Will infrastructure spending help progress?

If you haven’t had the time or energy to dive into the Biden Administration’s $ 2.3 trillion American Jobs Plan (AJP), fear not – I’ve got you covered.

The plan aims to “redefine and rebuild a new economy” using government money in four areas:

Jill Schlesinger

1. Classic Infrastructure: Roads, Rails, Bridges, and Transportation Systems ($ 621 billion)

Housekeeping: water ($ 111 billion), childcare facilities ($ 25 billion), schools ($ 100 billion), federal buildings ($ 10 billion), broadband ($ 100 billion), affordable housing ($ 213 billion). USD)

3. Caregiving Economy: Aid to Elderly and Disabled People in the Nation ($ 400 billion)

4. The workplace economy: R&D ($ 180 billion), manufacturing and small business ($ 300 billion), and workforce development ($ 100 billion)

The reason for the infrastructure spending is that the country needs an upgrade to many of its systems. The White House notes that “Inland public investment as a share of the economy has declined more than 40% since the 1960s,” making the richest country in the world 13th for the overall quality of our infrastructure.

The AJP makes the leap from physical infrastructure to “human infrastructure” when it adds money for the care industry. Human infrastructure is a term coined to cover government spending on health, education, and nutrition. The best example of this was the postwar GI bill, which gave millions of World War II veterans access to college or business schools, provided low-interest mortgages, and established medical care and hospitals for veterans.

Infrastructure spending would be spread out over eight years, but paid for by higher corporate taxes for more than 15 years. The plan would increase the corporate tax rate to 28%, a step backwards from the previous tax law of 2017 that lowered corporate tax rates from 35% to 21%. Other changes include the introduction of a minimum tax of 15% for large companies (with incomes in excess of US $ 2 billion), the doubling of the tax rate on corporate foreign profits from 10.5% to 21% and the introduction of a global minimum tax, to discourage companies from taking advantage of lower tax rates abroad.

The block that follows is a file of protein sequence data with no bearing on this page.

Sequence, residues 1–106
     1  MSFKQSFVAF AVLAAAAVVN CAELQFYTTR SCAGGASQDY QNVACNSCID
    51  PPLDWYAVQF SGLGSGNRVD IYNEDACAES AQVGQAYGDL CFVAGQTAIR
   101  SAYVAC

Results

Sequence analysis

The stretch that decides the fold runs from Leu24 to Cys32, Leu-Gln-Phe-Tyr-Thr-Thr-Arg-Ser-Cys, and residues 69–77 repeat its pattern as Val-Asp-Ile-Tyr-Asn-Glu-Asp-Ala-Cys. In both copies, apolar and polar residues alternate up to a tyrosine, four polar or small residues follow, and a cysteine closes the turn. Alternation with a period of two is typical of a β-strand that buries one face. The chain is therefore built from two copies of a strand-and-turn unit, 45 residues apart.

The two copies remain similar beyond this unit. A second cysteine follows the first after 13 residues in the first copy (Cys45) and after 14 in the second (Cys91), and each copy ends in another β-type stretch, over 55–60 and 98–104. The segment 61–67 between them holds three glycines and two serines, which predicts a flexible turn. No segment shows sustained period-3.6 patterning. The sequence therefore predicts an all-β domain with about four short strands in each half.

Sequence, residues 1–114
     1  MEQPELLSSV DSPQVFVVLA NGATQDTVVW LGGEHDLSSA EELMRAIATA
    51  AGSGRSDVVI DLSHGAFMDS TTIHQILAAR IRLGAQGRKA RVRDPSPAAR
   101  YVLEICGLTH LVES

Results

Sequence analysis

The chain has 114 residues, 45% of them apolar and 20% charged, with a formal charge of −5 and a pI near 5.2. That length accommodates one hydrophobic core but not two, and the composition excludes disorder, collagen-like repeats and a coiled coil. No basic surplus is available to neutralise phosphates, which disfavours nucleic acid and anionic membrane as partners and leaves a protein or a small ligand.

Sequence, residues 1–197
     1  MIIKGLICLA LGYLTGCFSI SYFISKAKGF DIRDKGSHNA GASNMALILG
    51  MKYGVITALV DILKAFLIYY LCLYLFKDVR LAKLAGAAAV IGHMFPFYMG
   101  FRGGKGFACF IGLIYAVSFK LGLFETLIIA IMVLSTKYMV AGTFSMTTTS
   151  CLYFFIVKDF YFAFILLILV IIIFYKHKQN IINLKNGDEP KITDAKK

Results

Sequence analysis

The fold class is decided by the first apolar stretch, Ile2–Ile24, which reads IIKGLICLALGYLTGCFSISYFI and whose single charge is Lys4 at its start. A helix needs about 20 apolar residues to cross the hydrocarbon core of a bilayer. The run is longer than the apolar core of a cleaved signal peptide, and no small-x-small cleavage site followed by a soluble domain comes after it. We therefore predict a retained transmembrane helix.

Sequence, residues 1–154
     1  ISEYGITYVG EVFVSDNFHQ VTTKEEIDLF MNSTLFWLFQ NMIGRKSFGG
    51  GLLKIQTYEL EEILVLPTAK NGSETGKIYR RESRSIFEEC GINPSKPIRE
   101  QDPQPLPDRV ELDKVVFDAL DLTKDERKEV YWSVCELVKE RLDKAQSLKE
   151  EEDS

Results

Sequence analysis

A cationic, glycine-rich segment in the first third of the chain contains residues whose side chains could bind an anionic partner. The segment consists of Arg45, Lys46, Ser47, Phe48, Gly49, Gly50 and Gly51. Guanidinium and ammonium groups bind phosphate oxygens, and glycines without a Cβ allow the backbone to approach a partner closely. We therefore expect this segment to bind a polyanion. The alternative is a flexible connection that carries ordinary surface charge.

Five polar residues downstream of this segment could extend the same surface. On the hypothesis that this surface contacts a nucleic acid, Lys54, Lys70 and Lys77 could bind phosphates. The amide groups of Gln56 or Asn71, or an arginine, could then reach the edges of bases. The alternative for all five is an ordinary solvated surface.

The AJP not only promises that no investments have been made in the last few decades, but also promises that “millions of good jobs will be created”. While the plan could create a number of jobs, the U.S. job market is already on track to regain its former glory. According to Moody’s Analytics, the AJP would help the labor market return to pre-pandemic levels by early 2023, “not much different than without the plan”. The reason is that it would likely take a few years for government spending to stimulate growth and create more jobs.

Government investment in infrastructure will fuel the economy in the next few years, but estimates are everywhere of how much boost the plan would bring. In fact, the economy should explode higher this year before the AJP. In its most recent outlook, the IMF has made “a substantial upgrade for the United States (1.3 percentage points)” and is forecasting growth of 6.4% for this year. This is the case after a decrease of 3.5% in 2020. The IMF has also upgraded its estimate of global growth, which is expected to be 6% in 2021 after the historic -3.3% decline in 2020. Global growth has accelerated due to the massive $ 16 trillion in global government spending that “prevented far worse results”. IMF estimates suggest that “without such support, last year’s severe collapse could have been three times worse”.

The IMF has not yet weighed on the AJP, but the most immediate impact of the legislation is that it could exceed growth in both the US and around the world.

Jill Schlesinger, CFP, is a business analyst for CBS News. As a former options trader and CIO of an investment advisory firm, she welcomes comments and questions at [email protected]. Check their website at www.jillonmoney.com.